Bauerwurst had an oily little voice; Nicholas had always thought so, and annoying as it was in ministerial meetings, it was a lot more annoying when the man was dogging his personal heels through the palace halls.
"…and the Minister trusts your judgment, your word would be of much value to us…"
Nicholas was sure it would. Right at the moment, he wished it were otherwise.
"…in return I’m sure we could do something about Herzog von Liechtenstein’s leverage against you…"
Nicholas stopped dead and finally turned around. "What?"
Bauerwurst smiled at him, nearly dripping with attempted camaraderie. "Oh, no one dares say anything openly, but I assure you my associates and I are alert to these nuances. You argue every issue with Liechtenstein, but when it comes to a vote, you vote with him each time. I don’t know what he holds over you, but I’m sure we could—" He broke off, suddenly looking less oily and more alarmed. Nicholas noted it distantly, through his rage, and took another step, catching Bauerwurst’s jacket in his fist and pinning the man against the wall. He felt weightless.
"No one holds anything over my head, you little worm," he said, level and hot as poured steel, loud enough to echo off the walls and turn the heads of the people around them. "I vote by my damn conscience and follow my brain, not my damn pocketbook. Ludwig has my loyalty because he earned it."
"I… I’m sure I didn’t mean…" The whites were showing around Bauerwurst’s eyes and Nicholas snorted with disgust, opening his hand.
"Your kind make me sick. You give government a bad name." He turned his back and strode on down the hall, turning his mind firmly to France’s last request for supplies.
He imagined there would be trouble over this, but he’d found there was trouble over everything, sooner or later, at the palace. That was apparently life.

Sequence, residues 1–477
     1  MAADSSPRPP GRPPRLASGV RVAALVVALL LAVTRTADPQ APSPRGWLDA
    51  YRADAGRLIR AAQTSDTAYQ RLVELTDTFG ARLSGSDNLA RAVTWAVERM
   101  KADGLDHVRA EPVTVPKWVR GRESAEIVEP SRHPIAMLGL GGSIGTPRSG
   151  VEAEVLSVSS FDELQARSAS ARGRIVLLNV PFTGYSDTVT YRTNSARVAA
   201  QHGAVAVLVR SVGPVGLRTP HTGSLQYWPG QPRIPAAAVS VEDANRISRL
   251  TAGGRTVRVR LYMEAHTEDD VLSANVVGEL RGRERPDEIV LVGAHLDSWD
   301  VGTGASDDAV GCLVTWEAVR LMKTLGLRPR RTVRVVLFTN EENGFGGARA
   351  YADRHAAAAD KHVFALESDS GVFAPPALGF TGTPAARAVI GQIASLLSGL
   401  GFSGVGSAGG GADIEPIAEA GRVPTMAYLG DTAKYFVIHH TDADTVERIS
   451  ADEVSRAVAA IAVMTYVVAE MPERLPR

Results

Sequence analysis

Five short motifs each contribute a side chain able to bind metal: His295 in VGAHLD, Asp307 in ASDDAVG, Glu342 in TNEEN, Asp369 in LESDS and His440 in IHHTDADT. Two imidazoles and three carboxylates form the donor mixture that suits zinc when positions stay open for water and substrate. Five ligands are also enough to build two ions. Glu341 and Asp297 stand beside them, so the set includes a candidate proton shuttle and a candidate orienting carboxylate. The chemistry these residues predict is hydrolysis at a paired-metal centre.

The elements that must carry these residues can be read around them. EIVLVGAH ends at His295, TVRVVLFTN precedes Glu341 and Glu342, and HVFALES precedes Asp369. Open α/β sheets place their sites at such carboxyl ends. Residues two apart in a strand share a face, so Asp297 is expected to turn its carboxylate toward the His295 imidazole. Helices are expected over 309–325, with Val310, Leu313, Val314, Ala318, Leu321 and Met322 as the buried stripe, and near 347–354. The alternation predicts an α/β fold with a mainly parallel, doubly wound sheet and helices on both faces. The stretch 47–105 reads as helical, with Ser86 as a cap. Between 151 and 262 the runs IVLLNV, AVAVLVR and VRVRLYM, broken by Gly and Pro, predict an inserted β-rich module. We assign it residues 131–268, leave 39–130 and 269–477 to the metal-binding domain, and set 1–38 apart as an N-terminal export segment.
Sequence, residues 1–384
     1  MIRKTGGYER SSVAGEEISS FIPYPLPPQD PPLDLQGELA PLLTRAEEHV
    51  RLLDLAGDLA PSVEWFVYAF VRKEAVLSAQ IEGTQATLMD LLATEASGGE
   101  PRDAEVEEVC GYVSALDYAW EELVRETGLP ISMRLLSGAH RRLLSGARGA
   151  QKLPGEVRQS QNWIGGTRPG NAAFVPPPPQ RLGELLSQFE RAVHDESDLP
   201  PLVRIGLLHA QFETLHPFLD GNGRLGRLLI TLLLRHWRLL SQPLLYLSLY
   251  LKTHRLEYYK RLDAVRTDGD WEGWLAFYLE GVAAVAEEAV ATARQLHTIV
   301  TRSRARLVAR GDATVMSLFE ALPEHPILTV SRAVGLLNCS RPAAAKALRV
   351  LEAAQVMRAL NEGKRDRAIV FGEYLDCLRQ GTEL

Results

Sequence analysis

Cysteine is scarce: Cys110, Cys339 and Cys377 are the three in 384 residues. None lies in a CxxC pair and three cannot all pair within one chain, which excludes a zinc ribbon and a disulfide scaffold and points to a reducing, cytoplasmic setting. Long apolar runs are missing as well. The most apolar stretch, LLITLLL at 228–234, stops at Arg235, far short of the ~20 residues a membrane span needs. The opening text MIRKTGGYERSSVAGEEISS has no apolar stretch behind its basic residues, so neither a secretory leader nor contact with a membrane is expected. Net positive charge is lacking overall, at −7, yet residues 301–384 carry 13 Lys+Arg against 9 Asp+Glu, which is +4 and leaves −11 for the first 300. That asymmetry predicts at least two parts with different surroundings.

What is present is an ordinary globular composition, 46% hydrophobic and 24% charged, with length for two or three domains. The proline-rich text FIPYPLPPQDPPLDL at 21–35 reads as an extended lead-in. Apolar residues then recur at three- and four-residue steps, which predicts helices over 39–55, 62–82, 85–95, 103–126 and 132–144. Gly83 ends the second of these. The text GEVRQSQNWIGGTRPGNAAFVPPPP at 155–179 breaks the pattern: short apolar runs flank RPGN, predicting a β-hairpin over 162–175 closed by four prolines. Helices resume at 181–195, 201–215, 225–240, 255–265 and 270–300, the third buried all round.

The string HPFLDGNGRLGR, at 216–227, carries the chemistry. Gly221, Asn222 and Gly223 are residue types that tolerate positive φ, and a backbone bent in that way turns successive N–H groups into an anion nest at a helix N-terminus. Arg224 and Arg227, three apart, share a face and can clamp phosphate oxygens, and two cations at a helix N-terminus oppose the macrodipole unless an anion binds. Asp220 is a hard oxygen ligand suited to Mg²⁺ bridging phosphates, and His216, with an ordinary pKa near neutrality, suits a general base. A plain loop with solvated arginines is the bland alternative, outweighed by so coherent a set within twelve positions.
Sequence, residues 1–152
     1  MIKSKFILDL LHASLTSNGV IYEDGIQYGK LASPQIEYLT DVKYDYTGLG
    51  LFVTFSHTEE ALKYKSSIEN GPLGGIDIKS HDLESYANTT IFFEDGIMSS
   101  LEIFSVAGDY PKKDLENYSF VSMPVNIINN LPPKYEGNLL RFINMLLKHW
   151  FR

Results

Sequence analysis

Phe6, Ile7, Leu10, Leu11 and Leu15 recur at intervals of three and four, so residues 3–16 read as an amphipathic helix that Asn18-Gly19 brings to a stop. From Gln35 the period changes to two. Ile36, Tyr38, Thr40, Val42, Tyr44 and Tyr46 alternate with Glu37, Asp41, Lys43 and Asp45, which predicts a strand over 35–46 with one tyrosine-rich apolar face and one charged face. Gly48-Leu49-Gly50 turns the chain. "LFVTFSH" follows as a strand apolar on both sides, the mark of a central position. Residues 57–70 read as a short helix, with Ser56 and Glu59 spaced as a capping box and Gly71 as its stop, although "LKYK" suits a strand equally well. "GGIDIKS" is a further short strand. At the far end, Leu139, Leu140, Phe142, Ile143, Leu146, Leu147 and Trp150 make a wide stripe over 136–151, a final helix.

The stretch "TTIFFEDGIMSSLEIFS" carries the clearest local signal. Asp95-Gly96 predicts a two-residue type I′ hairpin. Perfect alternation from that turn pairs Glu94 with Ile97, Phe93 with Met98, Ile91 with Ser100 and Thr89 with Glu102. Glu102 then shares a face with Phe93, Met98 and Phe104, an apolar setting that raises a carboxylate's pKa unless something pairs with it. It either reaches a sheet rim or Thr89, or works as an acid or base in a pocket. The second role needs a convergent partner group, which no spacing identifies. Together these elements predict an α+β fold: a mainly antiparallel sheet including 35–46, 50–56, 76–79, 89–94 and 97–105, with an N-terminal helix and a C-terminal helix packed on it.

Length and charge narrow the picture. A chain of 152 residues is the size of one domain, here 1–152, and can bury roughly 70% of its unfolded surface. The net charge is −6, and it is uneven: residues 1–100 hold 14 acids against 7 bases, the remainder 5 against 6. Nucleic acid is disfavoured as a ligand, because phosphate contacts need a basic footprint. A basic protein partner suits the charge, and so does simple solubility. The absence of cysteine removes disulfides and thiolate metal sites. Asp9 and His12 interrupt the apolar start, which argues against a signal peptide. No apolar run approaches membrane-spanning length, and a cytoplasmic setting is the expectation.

And Lui, too.
Nicholas was stuffing papers into his briefcase, glad to finally escape for the day, when a stir at the door made him look around. Lui was standing just inside, regarding him with cool eyes and crossed arms. Nicholas’ mouth tilted.
"Wondered how long it would take before you heard."
Lui just watched him, distant as any glacier, and Nicholas snorted.
"Oh, relax, will you?" He stood up and stretched the kinks out of his back. "Honestly, I’d have thought Orphe would have gotten you used to it by now."
"Orpheus," Lui said, precisely, "is loyal to this country. Not to me."
"He will be," Nicholas pointed out, blunt and brutal. "We all know it’s coming."
He wouldn’t have thought it possible, but Lui stilled even further.
Nicholas sighed. "You won’t be able to avoid the crown, Lui, and when it comes you won’t be able to do everything by yourself. I get that you don’t like that," everyone got that, wasn’t like it took Camus to spot it, "but that’s just too bad." He slung his briefcase over his shoulder, dangling from his fingers, and shot Lui a fierce grin. "I trust you. I’ll follow where you lead this country."
Lui closed his eyes, as if weary at great foolishness, and Nicholas let his grin turn affectionate. Lui had inhuman control of his expression, but his eyes gave him away if he felt strongly enough. When he closed them, you could be sure it was to hide a strong feeling. Almost as good as Orphe’s open-book expressiveness, really.
"Come on," he jostled Lui with an elbow as he passed. "We can have a nice fight tomorrow over how many ships we can afford to send to France. Won’t that be fun?"
"I’m sure it will be most satisfying, when I win." Lui looked down his nose, collected again.
Nicholas laughed out loud. "We’ll see."
He didn’t know why more people didn’t understand Lui. All you had to do was take everything he said and turn it thirty degrees, but practically no one around here noticed. The best and brightest, in his considered opinion, could be pretty dim.
Fortunately, there were still some bright enough to light the way.